Ithaca Buddhist monastery plans $850K expansion
By ANNE JU, The Ithaca Journal, Jan 11, 2006
Construction could be complete within 2 years
ITHACA, New York (USA) -- An ambitious expansion of the local Tibetan Buddhist monastery could happen within two years, project officials said, assuming all approvals by the Town of Ithaca Planning Board fall into place.
To be located on the east side of State Route 96B (Danby Road) across from Sesame Street, on a 27-acre site, the estimated $850,000 construction project would comprise multiple buildings, including a main building, monks' residence and student dormitories, according to planning board documents. Parking for 66 vehicles is included in the plans, as well as five seasonal cabins, a bath house, a maintenance building, lighting, trails and new stormwater facilities.
Construction manager Scott Tobey said the architecture would follow traditional Tibetan style, yet comply with modern building codes and other requirements. After receiving the preliminary approval at the town planning board meeting Jan. 3, Tobey said it could be about two years before construction is completed. Project officials must still request final site plan approval from the planning board, which will involve producing further landscaping plans and more details of exterior finishes, according to Tobey. At the planning board meeting, members also asked for color samples of the yellow roof material.
Ideally, Namgyal leaders would like to break ground on the project by this spring, said board of directors member Ted Arnold. A fund-raising effort to begin later this year could then lead to completion as early as the following spring.
The local Namgyal branch is currently housed in a converted house on North Aurora Street in the City of Ithaca, a property the monastery plans to retain.
The local branch of the original, centuries-old Namgyal Monastery in Tibet was founded in Ithaca in 1992, Arnold said. As it happened, the founding was just after the Dalai Lama received the Nobel Peace Prize ? ?fortunate, in that regard,? Arnold said, to coincide with budding international attention to Tibetan Buddhism. Another branch, Zen Buddhism, may be equally as popular as Tibetan Buddhism in western culture, Arnold said.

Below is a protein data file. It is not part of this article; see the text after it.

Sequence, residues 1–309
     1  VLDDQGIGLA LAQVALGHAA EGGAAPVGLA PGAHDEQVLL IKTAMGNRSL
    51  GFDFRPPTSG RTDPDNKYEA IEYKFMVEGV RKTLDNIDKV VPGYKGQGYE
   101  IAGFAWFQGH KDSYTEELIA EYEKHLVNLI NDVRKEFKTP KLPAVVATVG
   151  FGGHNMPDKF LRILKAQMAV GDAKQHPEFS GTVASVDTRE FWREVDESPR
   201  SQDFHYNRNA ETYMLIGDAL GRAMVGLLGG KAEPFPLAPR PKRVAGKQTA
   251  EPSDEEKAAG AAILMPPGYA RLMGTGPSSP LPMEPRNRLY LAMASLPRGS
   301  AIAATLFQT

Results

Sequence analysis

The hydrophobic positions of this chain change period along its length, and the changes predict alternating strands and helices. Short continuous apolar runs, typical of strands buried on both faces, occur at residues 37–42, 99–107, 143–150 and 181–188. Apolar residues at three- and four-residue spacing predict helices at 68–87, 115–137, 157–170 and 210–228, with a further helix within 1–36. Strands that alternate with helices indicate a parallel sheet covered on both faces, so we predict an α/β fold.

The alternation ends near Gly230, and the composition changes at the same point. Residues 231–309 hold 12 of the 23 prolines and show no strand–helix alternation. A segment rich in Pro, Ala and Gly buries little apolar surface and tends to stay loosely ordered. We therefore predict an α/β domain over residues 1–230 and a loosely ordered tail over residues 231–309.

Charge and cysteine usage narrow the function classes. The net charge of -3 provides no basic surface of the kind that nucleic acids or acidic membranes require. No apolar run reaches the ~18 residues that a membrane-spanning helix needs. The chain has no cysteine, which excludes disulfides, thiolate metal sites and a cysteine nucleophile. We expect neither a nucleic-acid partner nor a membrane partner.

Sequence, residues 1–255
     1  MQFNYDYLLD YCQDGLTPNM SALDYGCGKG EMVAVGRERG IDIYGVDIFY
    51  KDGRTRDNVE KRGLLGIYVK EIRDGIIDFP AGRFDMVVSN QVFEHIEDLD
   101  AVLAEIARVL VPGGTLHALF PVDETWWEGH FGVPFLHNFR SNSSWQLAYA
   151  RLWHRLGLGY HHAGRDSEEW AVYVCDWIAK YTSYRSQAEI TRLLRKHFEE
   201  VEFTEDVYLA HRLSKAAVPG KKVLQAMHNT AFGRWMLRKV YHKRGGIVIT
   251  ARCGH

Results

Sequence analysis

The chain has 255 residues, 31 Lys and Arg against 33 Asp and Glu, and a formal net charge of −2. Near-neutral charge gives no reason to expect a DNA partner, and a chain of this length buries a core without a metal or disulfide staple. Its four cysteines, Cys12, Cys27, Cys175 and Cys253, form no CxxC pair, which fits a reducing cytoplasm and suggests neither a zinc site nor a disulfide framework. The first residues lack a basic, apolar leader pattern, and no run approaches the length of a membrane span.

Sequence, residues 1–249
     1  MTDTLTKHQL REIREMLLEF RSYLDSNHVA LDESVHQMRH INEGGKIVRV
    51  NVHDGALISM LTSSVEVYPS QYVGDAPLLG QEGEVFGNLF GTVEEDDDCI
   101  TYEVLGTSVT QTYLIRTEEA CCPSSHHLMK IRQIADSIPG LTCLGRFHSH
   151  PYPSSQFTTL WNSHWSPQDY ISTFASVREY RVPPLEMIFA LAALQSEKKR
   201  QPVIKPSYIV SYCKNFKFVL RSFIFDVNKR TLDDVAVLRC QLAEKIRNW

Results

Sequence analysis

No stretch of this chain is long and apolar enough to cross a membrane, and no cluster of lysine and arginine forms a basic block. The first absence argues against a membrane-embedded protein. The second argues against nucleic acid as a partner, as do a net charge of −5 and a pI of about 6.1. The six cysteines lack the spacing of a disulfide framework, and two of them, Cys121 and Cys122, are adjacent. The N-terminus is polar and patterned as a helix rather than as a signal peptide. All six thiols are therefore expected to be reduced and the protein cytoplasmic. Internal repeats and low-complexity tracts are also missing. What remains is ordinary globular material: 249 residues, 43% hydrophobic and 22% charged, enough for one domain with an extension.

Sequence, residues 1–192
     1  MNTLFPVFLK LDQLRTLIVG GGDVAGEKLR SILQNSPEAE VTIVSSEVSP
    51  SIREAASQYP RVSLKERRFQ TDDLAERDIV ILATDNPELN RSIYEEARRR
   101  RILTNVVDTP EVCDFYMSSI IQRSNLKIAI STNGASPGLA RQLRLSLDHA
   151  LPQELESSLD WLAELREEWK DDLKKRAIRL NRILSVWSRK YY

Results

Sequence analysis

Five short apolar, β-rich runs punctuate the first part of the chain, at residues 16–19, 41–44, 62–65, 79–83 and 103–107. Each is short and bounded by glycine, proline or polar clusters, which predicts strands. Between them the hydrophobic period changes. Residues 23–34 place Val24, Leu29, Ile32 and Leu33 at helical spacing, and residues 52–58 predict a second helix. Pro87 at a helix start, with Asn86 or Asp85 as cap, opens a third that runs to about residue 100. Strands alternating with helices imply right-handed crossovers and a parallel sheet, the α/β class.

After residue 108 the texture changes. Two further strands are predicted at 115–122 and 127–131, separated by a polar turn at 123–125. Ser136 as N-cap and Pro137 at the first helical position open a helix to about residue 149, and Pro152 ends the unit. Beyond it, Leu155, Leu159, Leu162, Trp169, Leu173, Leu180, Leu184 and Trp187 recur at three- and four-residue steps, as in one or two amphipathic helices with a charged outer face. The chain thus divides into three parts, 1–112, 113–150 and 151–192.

The Namgyal expansion will nurture the growing interest in Tibetan Buddhism locally, and to maintain ?exchanges with other religions and philosophies,? Arnold said.
?It seems like we can usefully make a hub here,? Arnold said.
The existing space on Aurora Street will continue to house the monastery's five monks-in-residence and classes for the public will still be offered there.
The new facilities will primarily be used for larger events, such as summer or weekend retreats, Arnold said.
?For topics that would be of a broad interest to people, we could accommodate more,? he said of the facility expansion.
The only Namgyal Monastery branch outside of India, Ithaca's monastery serves a mailing list of about 1,400 people, and a core local group of between 50 and 60 who regularly attend classes and meditation, according to Arnold. The local Tibetan community of about 45 people also uses the center as a cultural setting for holidays and other traditional gatherings, Arnold said.
The preliminary site plan review submitted to the planning board included an overview of the types of programming offered by the Namgyal Institute. A three-year curriculum taught by resident monks, including Buddhist Dharma classes and Tibetan language, are taught by semester and are offered on weeknights, the document said. The institute also gives free monthly meditation classes, which cover basic meditation skills.